Here Lies Raphael

by Danilo Brunetti

This month, an epic exhibit of the works of Renaissance genius Raphael opens at the Scuderie del Quirinale,
on occasion of the 500th anniversary of his death. (See p56 for our preview of the show.) But many of Rome’s sites associated with the artist, whether frescoes or architectural projects, physically couldn’t be moved for the exhibit.
So if the show has only whetted your appetite for more of Raphael’s exquisite work, you’re in luck. by Tiffany Parks

School of Athens

Raphael Rooms – The most glorious example of Raphael’s Roman work can be found in the Vatican Museums: his frescoes on the walls and ceiling of Pope Julius II’s private apartments, begun in 1508. The Raphael Rooms are often rushed by tourists in a hurry to get to the “main attraction” (the Sistine Chapel), but Raphael’s frescoes are arguably every bit as artistically important as the chapel, and many would claim they are more beautiful. So take your time as you wander through The Hall of Constantine, The Room of Heliodorus, The Room of the Fire in the Borgo, and, most significant of all, The Room of the Signature. The latter features the monumental School of Athens wherein Raphael celebrates the great philosophers and thinkers of antiquity, while simultaneously paying homage to his own contemporary artists. vatican.va

Raphael Rooms – The most glorious example of Raphael’s Roman work can be found in the Vatican Museums: his frescoes on the walls and ceiling of Pope Julius II’s private apartments, begun in 1508. The Raphael Rooms are often rushed by tourists in a hurry to get to the “mai attraction” (the Sistine Chapel), but Raphael’s frescoes are arguably every bit as artistically important as the chapel, and many would claim they are more beautiful. So take your time as you wander through The Hall of Constantine, The Room of Heliodorus, The Room of the Fire in the Borgo, and, most signi- cant of all, The Room of the Signature. The latter features the monumental School of Athens, wherein Raphael celebrates the great philosophers and thinkers of antiquity, while simultaneously paying homage to his own contemporary artists. vatican.va

Villa Farnesina – This small but delightful museum in Trastevere boasts one of the few Raphael frescoes in Rome outside the Vatican. The Triumph of Galatea was painted by Raphael in 1514, and is one of the only pagan subjects in his entire body of work. In it, a sea nymph tries to escape from the one-eyed giant Polyphemus, riding a seashell chariot pulled by dolphins amidst a commotion of putti, centaurs, and tritons. The torsion of Galatea’s body demonstrates the artist’s keen understanding of human anatomy. The ceiling frescoes in the Loggia of Cupid and Psyche were also designed by Raphael, although carried out by his atelier.Via della Lungara, 230.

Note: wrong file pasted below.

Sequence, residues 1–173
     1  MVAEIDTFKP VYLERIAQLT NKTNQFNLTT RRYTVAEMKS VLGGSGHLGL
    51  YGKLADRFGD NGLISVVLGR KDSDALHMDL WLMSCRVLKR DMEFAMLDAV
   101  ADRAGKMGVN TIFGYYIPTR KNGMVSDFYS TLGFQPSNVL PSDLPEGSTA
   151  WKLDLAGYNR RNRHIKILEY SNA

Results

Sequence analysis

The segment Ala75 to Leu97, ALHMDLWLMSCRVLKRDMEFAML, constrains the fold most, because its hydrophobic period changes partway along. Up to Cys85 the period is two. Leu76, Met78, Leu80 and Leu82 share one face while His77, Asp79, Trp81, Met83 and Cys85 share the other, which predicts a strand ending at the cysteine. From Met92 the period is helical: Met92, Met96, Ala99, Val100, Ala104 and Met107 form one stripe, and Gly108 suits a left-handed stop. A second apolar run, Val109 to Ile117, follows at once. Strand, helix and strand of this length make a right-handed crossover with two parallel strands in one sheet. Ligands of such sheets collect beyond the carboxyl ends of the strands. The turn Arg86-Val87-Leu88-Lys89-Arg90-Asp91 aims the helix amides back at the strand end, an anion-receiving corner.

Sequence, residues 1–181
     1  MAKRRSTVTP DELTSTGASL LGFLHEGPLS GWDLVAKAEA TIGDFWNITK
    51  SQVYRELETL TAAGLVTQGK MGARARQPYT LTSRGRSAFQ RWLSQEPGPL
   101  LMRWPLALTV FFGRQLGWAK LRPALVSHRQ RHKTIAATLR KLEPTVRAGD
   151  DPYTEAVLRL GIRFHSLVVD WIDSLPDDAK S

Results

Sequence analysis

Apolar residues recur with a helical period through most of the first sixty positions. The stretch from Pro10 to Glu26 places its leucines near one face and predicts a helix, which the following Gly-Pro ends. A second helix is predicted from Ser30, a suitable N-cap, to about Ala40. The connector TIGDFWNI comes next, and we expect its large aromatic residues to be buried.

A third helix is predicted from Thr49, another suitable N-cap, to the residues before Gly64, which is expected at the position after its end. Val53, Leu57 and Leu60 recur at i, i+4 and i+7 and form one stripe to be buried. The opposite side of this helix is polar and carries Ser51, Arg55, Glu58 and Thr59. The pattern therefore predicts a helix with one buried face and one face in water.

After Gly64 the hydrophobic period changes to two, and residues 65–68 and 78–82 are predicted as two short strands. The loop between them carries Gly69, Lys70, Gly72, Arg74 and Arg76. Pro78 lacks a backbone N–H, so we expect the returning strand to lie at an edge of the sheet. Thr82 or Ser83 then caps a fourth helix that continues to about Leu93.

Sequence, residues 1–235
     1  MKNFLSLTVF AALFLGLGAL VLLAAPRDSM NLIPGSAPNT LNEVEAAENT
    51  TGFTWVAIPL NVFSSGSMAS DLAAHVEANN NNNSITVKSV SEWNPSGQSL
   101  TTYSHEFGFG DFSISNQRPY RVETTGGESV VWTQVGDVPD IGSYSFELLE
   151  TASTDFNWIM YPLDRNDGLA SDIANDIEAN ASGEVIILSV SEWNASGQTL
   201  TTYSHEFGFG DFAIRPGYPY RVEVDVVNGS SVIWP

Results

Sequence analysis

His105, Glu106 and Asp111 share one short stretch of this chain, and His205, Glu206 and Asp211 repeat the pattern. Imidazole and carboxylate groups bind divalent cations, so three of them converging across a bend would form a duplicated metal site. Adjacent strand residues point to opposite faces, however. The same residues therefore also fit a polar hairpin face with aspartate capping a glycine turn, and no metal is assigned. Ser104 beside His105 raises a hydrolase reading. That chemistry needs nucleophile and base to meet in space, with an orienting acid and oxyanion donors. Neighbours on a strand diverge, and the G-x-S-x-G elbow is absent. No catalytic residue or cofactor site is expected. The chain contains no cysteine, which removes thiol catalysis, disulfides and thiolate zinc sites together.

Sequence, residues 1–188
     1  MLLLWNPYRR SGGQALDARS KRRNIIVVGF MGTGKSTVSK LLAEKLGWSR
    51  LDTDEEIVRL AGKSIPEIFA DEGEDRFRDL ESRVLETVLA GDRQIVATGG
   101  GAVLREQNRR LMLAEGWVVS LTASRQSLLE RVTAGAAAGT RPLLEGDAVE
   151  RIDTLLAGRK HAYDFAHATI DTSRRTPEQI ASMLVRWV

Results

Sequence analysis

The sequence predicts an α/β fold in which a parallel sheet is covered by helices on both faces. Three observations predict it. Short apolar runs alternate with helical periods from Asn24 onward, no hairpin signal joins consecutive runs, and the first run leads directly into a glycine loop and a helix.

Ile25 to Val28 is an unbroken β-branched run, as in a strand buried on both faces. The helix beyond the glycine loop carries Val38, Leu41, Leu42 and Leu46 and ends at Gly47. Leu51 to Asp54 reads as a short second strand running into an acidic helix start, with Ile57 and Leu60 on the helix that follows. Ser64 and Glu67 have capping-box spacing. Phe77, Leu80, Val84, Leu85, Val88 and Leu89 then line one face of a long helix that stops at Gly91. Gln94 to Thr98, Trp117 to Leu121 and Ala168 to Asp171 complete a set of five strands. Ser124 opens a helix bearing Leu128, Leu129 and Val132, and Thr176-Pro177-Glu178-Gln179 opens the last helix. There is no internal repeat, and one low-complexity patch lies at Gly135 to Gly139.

The Triumph of Galatea


Sant’Agostino – Most art-lovers in Rome know that masterpiece by Caravaggio ca be found in this church near Piazza Navona, but what many fail to realize is that there is also a small fresco by Raphael just around the corner. Painted directly onto one of the church’s supporting pillars, the Prophet Isaiah is a recognizable tribute to Michelangelo’s frescoes of prophets in the Sistine Chapel. It was completed in 1512, the same year the Sistine ceiling was unveiled. P.zza Sant’Agostino, 80.

Santa Maria della Pace – Just a short walk away, in this small church that is only open on Monday, Wednesday, and Saturday mornings, curious visitors can find a gorgeous fresco lunette by Raphael’s hand depicting Sibyls Receiving Angelic Instruction, painted in 1514. Just as with Raphael’s Isaiah, this work was also inspired by his one-time rival’s work in the Sistine Chapel. Arco della Pace, 5.

Santa Maria del Popolo – While Raphael is best-known for his paintings, he also stretched his creative muscles in the realm of architecture on occasion. One such project is the Chigi Chapel in Santa Maria del Popolo, which would go on to be decorated with sculptures by Gianlorenzo Bernini a century later. The mosaic in the chapel’s dome is also the work of Raphael, where the glittering panels of The Creation of the World depict personifications of the planets, the zodiac signs, and God in the heavens. Piazza del Popolo, 12.

Pantheon – To honor the memory of this legendary artist who left the world on 6 April 1520, visit his tomb inside the Pantheon. The epitaph carved into his grave by humanist poet Pietro Bembo never fails to move: “Here lies Raphael, by whom Nature feared to be conquered while he lived, and while he lay dying, feared she would die herself.” Piazza della Rotonda.